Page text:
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Are you struggling with constipation and feeling exhausted from being constantly backed up or bloated? If so, you are in the right place.
You may already be familiar with the various health benefits associated with taking probiotics. But what are the best probiotics for constipation on the market, and how can you expect to benefit from them?
Do Probiotics Help You Poop?
Yes. Probiotics can help you poop regularly and feel good again, regain your appetite and energy, and say goodbye to stomach discomfort and pain. They can also help with weight loss and foul-smelling stools that can be not only embarrassing for you and others but also symptoms of digestive issues and problems with your gut health.
We have done extensive research on the topic, so you don’t have to. Read on to understand better what probiotics are, how they can aid digestion, constipation, gut health, and motility, and check out our findings of some of the probiotics currently on the market.
What are Probiotics?
The word probiotic means “for life.” It derives from the Latin preposition pro (for) and the Greek word biotic, meaning bios (life).
A century ago, the Russian scientist Elie Metchnikoff introduced the idea that harmful microbes living in our bodies can be replaced with beneficial ones. His theory was one that flourished for a time and then lost popularity and credibility but emerged again in the 1990s.
Since then, numerous scientific and medical studies have proven Metchnikoff’s theory, and it has made a significant breakthrough.
Made from yeast and bacteria, probiotics are live microorganisms that can be found in yogurt and other fermented foods and dietary supplements. Many probiotic microorganisms are the same as those that naturally live in our bodies (or similar to them).
More than 400 different species of microorganisms and bacteria strains inhabit the intestines. These microorganisms and bacteria make up the intestinal microflora (or gut microbiota), and most of them are helpful.
Good bacteria that dwell in the human gut keep pathogens—harmful bacteria—from causing issues like constipation, aid nutrient absorption, and digestion, and boost immune function and response.
What to Look for in Probiotics for Constipation?
According to studies, the probiotic strains that help with treating constipation, ensure regular bowel movements, and promote a happy tummy are Bifidobacterium lactis, lactobacillus rhamnosus, and Saccharomyces boulardii.
Bifidobacterium lactis improves digestion, enhances the functions of the immune system, and fights tumor growth. Bifidobacterium longum, a form of Bifidobacterium, is found in the gastrointestinal tract and improves the intestinal environment.
Lactobacillus plantarum, a strain from the Lactobacillus genus commonly found in fermented food products, helps with inflammatory bowel disease, irritable bowel syndrome (IBS), and antibiotic-associated diarrhea.
Along with Lactobacillus plantarum, Saccharomyces boulardii is another good microorganism and one that aids in the prevention of diarrhea.
Below, you will find our recommendations for the best products available out there.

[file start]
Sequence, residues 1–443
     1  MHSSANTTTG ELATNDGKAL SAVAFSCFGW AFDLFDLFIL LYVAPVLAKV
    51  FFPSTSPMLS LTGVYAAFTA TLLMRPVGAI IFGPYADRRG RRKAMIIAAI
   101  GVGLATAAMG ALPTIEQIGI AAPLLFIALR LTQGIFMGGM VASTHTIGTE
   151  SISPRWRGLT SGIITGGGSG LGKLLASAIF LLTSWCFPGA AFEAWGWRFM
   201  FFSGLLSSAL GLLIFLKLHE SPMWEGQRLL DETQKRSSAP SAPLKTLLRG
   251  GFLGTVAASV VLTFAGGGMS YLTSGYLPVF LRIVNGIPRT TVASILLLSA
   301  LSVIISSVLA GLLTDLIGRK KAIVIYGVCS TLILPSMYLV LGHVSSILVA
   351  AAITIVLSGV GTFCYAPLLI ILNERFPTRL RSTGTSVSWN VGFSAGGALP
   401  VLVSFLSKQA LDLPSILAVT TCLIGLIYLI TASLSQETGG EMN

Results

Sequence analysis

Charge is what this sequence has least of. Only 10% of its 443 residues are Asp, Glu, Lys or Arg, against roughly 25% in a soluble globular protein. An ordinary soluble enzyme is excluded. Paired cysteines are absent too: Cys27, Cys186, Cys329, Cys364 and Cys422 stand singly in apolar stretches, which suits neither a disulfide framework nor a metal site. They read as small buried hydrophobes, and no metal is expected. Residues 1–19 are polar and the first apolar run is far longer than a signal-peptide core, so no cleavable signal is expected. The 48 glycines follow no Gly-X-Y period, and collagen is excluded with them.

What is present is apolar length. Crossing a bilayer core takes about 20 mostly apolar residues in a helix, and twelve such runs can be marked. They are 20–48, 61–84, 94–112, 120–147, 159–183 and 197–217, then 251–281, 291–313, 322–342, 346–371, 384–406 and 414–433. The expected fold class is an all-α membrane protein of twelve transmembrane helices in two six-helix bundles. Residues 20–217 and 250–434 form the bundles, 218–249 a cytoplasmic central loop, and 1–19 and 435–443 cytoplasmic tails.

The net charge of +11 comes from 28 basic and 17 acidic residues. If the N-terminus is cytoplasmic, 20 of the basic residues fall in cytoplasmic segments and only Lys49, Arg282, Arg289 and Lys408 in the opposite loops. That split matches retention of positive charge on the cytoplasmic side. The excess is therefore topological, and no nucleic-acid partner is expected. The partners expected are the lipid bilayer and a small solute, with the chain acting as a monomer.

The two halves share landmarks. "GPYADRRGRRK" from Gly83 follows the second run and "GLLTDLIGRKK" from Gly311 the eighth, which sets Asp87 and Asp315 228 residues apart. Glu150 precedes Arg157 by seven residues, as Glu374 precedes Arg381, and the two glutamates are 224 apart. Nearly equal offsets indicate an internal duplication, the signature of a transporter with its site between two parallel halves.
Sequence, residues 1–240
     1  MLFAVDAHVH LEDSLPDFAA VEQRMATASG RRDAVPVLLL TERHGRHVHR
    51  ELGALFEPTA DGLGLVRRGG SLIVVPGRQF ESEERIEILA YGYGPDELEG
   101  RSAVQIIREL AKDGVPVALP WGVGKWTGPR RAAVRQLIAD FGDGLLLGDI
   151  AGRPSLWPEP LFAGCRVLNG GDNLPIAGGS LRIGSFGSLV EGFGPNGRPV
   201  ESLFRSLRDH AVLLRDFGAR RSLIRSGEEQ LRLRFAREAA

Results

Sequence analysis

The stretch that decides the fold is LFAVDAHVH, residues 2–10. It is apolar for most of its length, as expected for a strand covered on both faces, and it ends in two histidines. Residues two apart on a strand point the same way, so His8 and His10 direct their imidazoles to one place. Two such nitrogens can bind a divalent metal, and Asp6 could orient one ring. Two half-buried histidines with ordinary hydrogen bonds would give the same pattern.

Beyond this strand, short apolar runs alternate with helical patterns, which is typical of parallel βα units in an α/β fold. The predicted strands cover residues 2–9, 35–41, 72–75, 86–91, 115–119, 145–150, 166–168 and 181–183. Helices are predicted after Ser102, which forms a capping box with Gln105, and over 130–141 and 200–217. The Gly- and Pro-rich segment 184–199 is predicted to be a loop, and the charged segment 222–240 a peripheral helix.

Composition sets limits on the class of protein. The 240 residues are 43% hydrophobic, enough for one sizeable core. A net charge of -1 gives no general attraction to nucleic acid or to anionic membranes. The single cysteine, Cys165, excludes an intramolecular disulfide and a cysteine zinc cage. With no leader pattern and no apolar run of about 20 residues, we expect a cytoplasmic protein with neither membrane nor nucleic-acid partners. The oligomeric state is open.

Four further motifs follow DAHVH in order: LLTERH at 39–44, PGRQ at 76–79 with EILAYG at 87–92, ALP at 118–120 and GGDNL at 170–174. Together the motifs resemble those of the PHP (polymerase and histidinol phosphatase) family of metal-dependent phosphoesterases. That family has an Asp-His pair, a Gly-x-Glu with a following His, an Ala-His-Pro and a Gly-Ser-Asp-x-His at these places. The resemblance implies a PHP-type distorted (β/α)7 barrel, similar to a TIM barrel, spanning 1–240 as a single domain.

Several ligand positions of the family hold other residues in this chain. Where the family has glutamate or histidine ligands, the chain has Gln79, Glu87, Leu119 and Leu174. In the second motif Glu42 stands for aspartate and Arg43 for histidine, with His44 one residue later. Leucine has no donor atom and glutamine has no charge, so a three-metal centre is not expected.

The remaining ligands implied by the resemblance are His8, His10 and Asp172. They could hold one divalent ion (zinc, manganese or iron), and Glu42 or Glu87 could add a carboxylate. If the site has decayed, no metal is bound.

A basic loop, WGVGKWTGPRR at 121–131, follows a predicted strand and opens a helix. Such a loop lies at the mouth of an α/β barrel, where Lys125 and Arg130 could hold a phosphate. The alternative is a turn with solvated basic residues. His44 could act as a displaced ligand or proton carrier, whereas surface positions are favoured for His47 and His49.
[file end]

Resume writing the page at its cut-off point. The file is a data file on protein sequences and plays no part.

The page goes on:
Probiotics May Aid Constipation in Adults
Which probiotics are best for constipation? Read on to find out.
- No additives or artificial ingredients
- Vegan and vegetarian friendly
- Targets the entire digestive system
- Includes five prebiotic strains
- Formulated by doctors
- Target various symptoms and improve overall digestion and health
- Boost mental clarity and brain function
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Probiotics for Children
In addition to helping prevent allergies and eczema, research suggests that probiotics may also relieve colic, acute constipation, acid reflux and can be very effective in improving the overall gut health in infants and children.
As always, products rich in Bifidobacterium and lactobacillus will be superior to others.
|Probiotics for Constipation in Toddlers: NOW Supplements BerryDophilus||55|
|Probiotics for Baby Constipation: Enfamil Infant Probiotics||47|
Frequently Asked Questions
No. Prebiotics are nondigestible. They are food components that stimulate the growth and activity of beneficial bacteria and microorganisms.
Generally, no. You should be perfectly safe unless you have certain diseases or pre-existing conditions like a weakened immune system. If this is the case, make sure to consult with your physician or a gastroenterologist before taking any probiotics.
The answer will depend on the kind of probiotics you are taking, the reason you are taking them, and your specific digestive condition. Make sure you stick to a specific type and allow three or four weeks before you can evaluate how effective they are.
Seeking medical advice would be the best course of action to determine the appropriate amount of time for continued use.
In rare instances, the consumption of probiotics may cause increased gas and bloating in your gut. Instead of helping constipation, you may worsen it if you don't follow the dosing instructions or take the supplement for a period longer than recommended.
We hope this article has shed some light on the topic of probiotics. Now that you know fermented foods are not the only source of beneficial microorganisms, you should feel better equipped with the knowledge and insight necessary to make the right choice and select the most effective probiotic for constipation in your specific case that you may use to also improve your overall health and gut function.
As long as you choose one rich in Bifidobacterium and lactobacillus—lactobacillus plantarum in particular—you will more than likely be making an excellent choice.
Remember to consult your physician if you are in doubt or dealing with a severe disease or chronic condition and look for products backed by scientific studies and meta analysis.